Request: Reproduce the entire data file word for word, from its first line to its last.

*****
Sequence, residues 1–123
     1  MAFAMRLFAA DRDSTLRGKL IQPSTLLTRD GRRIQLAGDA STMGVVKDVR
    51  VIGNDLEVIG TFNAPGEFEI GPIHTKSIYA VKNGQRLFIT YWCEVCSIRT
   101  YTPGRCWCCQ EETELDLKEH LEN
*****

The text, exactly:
Sequence, residues 1–123
     1  MAFAMRLFAA DRDSTLRGKL IQPSTLLTRD GRRIQLAGDA STMGVVKDVR
    51  VIGNDLEVIG TFNAPGEFEI GPIHTKSIYA VKNGQRLFIT YWCEVCSIRT
   101  YTPGRCWCCQ EETELDLKEH LEN